Seth Maness is Awesome

Drafted in the 11th round in 2011, standing all of 6’0 tall, a fastball hovering around 89 MPH, and no devastating off speed pitches to speak of, Seth Maness simply shouldn’t be good. The Cardinals 2012 minor league pitcher of the year is defying odds and he’s not just good, he’s awesome.

Credit: SI.com

Credit: SI.com

Maness entered the league with one strength, control. In 247.2 minor league innings, Maness walked only 18 batters, which is 0.7/9 innings. That walk rate has inflated to 1.7/9 innings, but is still Maddux-esque (Maddux had a career 1.8 BB/9 IP). A starter in the minors, Maness has been used as a double play specialist of sorts out of the bullpen for the Cardinals in his brief career. In a defiance of the odds, Maness has actually dropped his 2.80 minor league ERA to 2.40 in the majors. Fellow blogger of mine @elmaquino broke down the concept of a double play specialist last year.

Here is that link: http://wp.me/p2DXa4-187

Last year Maness induced 16 double plays in a matter of 62 innings, no other relief pitcher induced more than 12. In 2014, the right hander has induced only six double plays in his 43 innings of work, still good for fourth in the National League among relievers. After a slow April posting a 4.09 ERA, Maness has settled in and had ERAs of 2.31, 1.84, and 1.59 in May, June, and July respectively.

So what makes Maness so awesome? Obviously the ability to throw strikes and induce ground balls while doing so has been the key to his success. Maness doesn’t have the “stuff” to issue free base runners, therefore his ability to throw strikes becomes even more vital. Fangraphs database suggests that the league average for groundball% (GB %) is 44%. The Cardinals secret weapon blows that number out of the water with a career 63.6 GB%. Essentially, Maness is inducing a groundball ~20% more often than the average pitcher. That has allowed him to keep his through the roof 25% double play percentage.

Maness utilizes a sinker in his arsenal of pitches, as most groundball specialists do. However, that isn’t necessarily the key to his success. Mixing pitches, and being able to get groundouts with any one of his weapons has gotten Maness to this point. The East Carolina product has produced 44 groundball outs to go along with his 6 double plays this year, doing so with a variety of pitches.

Pitch GB Outs
Fastball 4
Sinker 24
Changeup 16
Slider 6
Total 50

The fastball and slider haven’t been the most effective pitches for Maness’ groundball habits, but he still has gotten 20% of his groundballs with those two pitches. Besides, it would makes sense that the two pitches with the most downward vertical movement, sinker and changeup, are the most effect groundball getters. Here is a heat map of all of those groundball outs.

Credit: Baseball Savant

Credit: Baseball Savant

Maness doesn’t necessarily keep the ball down as often as he should, but his stuff is so effective, hitters haven’t been able to elevate it regardless of location. It’s obvious that Maness checks out in all the basic pitching categories, but given that he doesn’t really pass the eye test of what a dominant pitcher should be, I wasn’t sure his peripheral stats would check out. They do.

If you’re interested in reading about how effective Maness sinker really is take a look at a post by @stlcupofjoe on Viva El Birdos. Here’s that link: “The Seth Maness Sinker, How Good was it?”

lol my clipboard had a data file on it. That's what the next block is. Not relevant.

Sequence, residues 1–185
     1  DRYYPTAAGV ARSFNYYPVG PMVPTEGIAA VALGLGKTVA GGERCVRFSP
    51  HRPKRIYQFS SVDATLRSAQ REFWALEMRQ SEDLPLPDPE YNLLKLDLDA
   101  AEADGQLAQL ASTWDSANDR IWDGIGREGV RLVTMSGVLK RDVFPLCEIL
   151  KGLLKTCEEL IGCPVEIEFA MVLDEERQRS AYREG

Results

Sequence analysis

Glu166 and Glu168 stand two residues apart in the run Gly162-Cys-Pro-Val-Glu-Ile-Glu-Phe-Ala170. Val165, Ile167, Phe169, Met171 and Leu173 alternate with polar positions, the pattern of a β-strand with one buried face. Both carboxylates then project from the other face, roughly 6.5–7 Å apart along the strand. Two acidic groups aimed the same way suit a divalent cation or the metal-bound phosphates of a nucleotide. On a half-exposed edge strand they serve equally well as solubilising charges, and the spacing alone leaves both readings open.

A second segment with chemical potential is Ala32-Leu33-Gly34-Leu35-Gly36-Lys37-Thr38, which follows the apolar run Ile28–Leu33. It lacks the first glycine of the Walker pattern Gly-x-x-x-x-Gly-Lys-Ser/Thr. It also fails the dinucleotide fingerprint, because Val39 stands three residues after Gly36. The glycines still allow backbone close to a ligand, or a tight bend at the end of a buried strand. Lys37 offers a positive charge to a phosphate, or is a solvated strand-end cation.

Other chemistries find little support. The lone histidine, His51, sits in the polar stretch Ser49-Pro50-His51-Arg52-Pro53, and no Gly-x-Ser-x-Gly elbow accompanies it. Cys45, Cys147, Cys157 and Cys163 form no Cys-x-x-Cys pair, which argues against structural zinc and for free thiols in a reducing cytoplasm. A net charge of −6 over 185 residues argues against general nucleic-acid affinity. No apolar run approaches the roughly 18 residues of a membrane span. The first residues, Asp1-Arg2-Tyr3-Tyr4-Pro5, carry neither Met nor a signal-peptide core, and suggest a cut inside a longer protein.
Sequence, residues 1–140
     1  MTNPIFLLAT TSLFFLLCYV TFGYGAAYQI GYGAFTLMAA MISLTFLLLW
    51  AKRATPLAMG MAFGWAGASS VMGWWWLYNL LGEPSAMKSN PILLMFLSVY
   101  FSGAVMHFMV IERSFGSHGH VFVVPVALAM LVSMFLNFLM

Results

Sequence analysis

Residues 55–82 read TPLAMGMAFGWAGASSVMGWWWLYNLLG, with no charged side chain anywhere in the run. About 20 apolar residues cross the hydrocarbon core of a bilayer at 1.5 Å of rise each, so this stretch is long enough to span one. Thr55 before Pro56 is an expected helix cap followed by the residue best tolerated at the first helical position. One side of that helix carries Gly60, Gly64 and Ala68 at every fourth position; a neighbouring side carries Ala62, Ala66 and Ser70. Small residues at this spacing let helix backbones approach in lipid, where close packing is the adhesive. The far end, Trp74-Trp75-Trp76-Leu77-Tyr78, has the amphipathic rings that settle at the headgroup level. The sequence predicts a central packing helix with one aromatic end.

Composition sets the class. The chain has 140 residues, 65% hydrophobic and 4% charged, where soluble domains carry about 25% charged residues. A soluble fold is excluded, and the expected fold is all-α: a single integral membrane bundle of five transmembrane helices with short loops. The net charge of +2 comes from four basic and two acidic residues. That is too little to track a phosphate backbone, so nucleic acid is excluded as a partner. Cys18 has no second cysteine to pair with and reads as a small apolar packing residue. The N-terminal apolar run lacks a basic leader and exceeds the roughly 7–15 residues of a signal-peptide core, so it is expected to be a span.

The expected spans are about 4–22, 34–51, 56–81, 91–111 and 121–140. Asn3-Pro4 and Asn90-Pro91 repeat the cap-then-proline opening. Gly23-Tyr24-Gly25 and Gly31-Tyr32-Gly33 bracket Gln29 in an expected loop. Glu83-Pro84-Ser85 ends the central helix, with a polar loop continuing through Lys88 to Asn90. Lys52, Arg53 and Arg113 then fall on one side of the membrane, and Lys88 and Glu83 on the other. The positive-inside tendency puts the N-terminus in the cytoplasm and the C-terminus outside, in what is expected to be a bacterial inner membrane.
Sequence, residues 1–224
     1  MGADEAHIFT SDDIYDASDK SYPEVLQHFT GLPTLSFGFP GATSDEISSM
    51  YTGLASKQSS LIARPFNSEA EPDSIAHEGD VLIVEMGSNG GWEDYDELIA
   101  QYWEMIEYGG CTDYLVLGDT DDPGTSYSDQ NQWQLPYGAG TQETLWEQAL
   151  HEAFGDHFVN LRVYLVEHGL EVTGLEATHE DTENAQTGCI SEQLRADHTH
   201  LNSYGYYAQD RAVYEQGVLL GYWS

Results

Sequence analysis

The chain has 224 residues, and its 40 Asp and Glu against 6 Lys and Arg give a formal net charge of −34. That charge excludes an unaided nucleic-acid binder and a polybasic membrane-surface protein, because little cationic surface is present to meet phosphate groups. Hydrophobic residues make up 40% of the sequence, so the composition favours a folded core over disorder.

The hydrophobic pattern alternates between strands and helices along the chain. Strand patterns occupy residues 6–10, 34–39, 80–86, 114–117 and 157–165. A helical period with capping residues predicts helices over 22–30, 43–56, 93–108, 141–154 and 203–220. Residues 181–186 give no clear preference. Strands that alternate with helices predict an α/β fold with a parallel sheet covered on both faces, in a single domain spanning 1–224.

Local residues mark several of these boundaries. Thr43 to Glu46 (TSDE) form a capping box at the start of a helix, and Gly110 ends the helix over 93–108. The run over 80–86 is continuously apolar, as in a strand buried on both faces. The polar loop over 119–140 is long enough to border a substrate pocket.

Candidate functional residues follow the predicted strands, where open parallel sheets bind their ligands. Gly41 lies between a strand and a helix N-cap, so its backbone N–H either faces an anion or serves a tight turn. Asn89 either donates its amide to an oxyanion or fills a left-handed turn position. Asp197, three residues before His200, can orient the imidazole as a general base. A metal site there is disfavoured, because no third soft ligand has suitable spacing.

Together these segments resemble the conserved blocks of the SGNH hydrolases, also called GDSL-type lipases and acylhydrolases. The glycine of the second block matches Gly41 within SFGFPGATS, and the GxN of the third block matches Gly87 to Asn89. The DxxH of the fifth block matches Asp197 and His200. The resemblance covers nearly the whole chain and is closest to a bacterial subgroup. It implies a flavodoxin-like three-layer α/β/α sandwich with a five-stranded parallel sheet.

FIP which stands for fielding independent ERA is a stat that defines what a pitchers ERA would have been over a given time period given a league average defense. For a pitcher like Maness who relies heavily on balls in play, this stat can vary greatly from real ERA. Compared to his 2.40 ERA, Maness FIP is 3.39, while that seems like a big jump Fangraphs still defines that FIP in the above average to great range.

The only worry is that Maness is subject to regression due to a sky high left on base percentage (LOB %). This is the number of runners that reach base, and are stranded there. The league average is 72% and 80% is considered extraordinary. Seth Maness leaves 82% of runners on base. Maness is forced to be this great because he allows a higher batting average on balls in play (BABIP) than most pitchers, not to mention has more balls put in play than most pitches. The worst part of Maness game is that he allows a 12.3% HR/FB ratio (the number of home runs hit per fly ball) which falls in Fangraphs category of “awful.” Any sabermartrician will tell you that a high LOB% mixed with a high BABIP and HR/FB makes any pitcher subject to regression.

Regression isn’t in Maness’ future, and here is why. BABIP is used unfairly when looking at performance. He gives up a slightly higher than average line drive percentage, which is what leads to his slightly above average BABIP, but given his ridiculous GB%, that BABIP will always remain reasonable. The HR/FB is glaring, but given the very few amount of fly balls that Maness allows, it’s not a terrible issue that 12% of them leave the park.  The reason that LOB% is so high and will stay so high is because of the groundball and double play ability.

The reality is that the only test Seth Maness doesn’t pass, is the eye test. People underestimated him coming out of college, hence the 11th round draft position, and people continue to do so now. Maness is living proof it doesn’t take a 98 MPH fastball and a devastating slider to be an effective relief pitcher. He has proved a valuable weapon in the Cardinal bullpen, especially when being used in a pinch. His quick pace, and ability to throw strikes make him as fun to watch as any pitcher in my opinion. Here is to hoping Seth Maness continues to be awesome. Thanks for reading.

It’s not crazy, it’s sports

AJ

*all stats and info courtesy of Baseball Reference, Baseball Savant, and Fangraphs

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